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Man Whips Up Cracking Christmas Dinner For 94p A Head

fayeb
December 21, 2020, 11:00 AM
  • Budget cooking enthusiast Edward Crofts, 27, has created a Christmas dinner recipe for four featuring roast chicken legs and selected trimmings for a wallet-friendly £3.73 – that’s just under 94p per person
  • The no-fuss festive meal takes just 20 minutes to prepare and an hour to cook
  • Says “you don't need to spend hundreds of pounds to eat well over the festive period”

It's the time of year to eat, drink and be merry, but the cost of all that extra Christmas food can quickly mount up.

If you want to keep a firm grip on your spending, take a tip from Edward Crofts, 27, from Palgrave, Suffolk. The budget cooking enthusiast and Founder of Quid Kitchen, which shares inspiration for £1-per-portion recipes, has created a hearty Christmas dinner for just 94p per head. His number crunching meal provides a satisfyingly large portion and takes 20 minutes to prep and an hour to cook. Plus, he says it “tastes delicious” too.

“People expect their Christmas dinner to be a plate piled high so it was important for me to produce a meal that looks like you have a decent amount of food,” Edward told money-saving community LatestDeals.co.uk. “It’s quite a large meal, considering the price. The picture accurately represents how much food you would get in a portion.

“I tested it out on friends and family, including my in-laws who loved it. There was minimal food wastage, too, which was impressive.”

His “basic” Christmas dinner for four clocks in at £3.73. Each portion includes a roast chicken leg stuffed with diced onion and cranberry sauce, roast potatoes, carrots, red cabbage and three stuffing balls served with gravy.

“I started researching ingredients to work out the best way of putting together the Christmas dinner so that each portion was legitimately less than £1, without having to rely on any extra store cupboard ingredients,” he says.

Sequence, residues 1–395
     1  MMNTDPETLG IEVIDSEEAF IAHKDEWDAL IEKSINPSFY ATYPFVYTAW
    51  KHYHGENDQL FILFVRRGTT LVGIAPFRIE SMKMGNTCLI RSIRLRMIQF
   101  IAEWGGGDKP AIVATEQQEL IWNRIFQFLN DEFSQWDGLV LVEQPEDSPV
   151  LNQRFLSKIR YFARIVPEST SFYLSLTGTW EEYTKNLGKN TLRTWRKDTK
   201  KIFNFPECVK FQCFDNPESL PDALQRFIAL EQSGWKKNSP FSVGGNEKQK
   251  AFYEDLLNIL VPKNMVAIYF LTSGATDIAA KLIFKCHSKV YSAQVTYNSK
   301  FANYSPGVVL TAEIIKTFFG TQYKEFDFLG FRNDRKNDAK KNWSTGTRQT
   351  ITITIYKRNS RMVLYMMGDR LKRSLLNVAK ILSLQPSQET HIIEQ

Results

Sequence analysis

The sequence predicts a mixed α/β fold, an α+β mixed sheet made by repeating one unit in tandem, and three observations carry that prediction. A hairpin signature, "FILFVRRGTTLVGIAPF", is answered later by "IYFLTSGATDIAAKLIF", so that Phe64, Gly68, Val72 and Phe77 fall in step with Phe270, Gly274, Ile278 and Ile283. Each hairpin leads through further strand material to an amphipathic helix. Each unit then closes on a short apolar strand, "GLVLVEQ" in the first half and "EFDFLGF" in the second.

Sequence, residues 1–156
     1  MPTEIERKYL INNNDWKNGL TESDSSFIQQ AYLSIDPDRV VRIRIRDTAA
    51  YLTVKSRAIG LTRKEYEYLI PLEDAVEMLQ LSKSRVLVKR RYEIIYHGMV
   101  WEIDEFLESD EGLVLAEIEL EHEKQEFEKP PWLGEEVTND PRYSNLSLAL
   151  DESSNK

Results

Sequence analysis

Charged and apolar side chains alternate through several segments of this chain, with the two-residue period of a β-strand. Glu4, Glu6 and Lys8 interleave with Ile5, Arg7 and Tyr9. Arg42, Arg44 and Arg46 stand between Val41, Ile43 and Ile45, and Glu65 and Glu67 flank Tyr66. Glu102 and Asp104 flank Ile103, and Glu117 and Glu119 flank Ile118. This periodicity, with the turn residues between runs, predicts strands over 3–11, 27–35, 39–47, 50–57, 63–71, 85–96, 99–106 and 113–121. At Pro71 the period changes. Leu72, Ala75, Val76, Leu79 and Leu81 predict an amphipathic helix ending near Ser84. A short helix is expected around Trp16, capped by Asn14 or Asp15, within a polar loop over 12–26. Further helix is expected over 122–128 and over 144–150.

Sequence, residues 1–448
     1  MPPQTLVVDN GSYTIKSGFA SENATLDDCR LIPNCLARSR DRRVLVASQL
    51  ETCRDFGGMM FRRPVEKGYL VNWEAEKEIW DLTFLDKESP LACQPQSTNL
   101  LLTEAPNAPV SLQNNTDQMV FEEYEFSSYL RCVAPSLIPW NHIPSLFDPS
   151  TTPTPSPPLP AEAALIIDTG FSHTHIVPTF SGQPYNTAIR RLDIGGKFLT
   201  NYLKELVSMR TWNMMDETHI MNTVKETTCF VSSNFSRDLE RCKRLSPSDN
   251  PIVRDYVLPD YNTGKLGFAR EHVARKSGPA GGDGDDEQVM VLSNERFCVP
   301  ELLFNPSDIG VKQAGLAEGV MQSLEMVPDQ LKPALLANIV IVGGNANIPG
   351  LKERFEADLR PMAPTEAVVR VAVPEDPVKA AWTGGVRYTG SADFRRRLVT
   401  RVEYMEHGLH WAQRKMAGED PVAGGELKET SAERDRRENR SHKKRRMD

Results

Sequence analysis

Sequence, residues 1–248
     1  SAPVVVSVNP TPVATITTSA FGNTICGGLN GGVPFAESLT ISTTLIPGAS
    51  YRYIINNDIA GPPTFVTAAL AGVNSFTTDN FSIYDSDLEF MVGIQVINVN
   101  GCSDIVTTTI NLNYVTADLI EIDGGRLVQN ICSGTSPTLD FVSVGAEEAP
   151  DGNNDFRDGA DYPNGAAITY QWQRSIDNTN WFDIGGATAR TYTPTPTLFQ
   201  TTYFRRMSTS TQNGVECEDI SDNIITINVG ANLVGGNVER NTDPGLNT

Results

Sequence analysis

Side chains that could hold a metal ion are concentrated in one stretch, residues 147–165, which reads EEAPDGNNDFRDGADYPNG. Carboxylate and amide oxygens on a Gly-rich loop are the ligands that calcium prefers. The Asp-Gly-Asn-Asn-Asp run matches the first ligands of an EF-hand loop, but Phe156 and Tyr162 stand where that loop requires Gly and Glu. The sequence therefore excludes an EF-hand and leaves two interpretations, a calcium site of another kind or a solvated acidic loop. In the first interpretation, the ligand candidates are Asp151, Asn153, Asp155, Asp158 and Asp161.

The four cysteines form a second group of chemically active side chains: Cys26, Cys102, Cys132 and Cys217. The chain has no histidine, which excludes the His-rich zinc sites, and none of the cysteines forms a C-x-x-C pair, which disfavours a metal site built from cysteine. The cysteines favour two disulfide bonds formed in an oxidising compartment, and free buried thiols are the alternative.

“I built it around the staples I considered important: meat, potatoes, vegetables, gravy and stuffing. I quickly realised that turkey wasn’t going to be an option, as it’s more expensive than chicken. Next, I began looking at the different cuts and what was the cheapest. The answer was the legs.”

Following that, he had to decide which vegetables would make the cut.

“I looked into various vegetables to add, such as sprouts, but at the time they were a bit more expensive than the other veg I selected,” he says. “The closer you get to Christmas, however, the prices can get crazy low so if you are making this meal during Christmas week, you may be able to get more veg for your money.”

His final shopping list is as follows: 1kg of chicken legs, £1.69; 1kg carrots, 41p; 1kg mini roasting potatoes, 19p; cranberry sauce (200ml), 45p; an onion, 8p; chicken casserole seasoning mix (for the gravy), 17p; red cabbage (800g), 45p; and sage and onion stuffing mix (170g), 29p.

“I got everything in Aldi, bar the onion, but that’s only because I forgot it so popped to Asda to pick it up,” he adds.

His quick and easy recipe means you won’t be slaving over a hot oven all day either.

“Christmas dinner can be stressful to make but mine is very easy,” he says. “It all goes into the oven at a similar time and there’s no faffing around. All you need to do is prep the chicken by removing the thighbones, and stuff it with the diced onion with the cranberry sauce.”

Some clever cooking hacks helped Edward to stick to his goal.

“I worked out that the cheapest way to make the gravy was from a sachet of chicken casserole seasoning mix,” he reveals. “Traditional granules would have yielded a lot more gravy but they were more expensive as they came in larger packets of around 500g.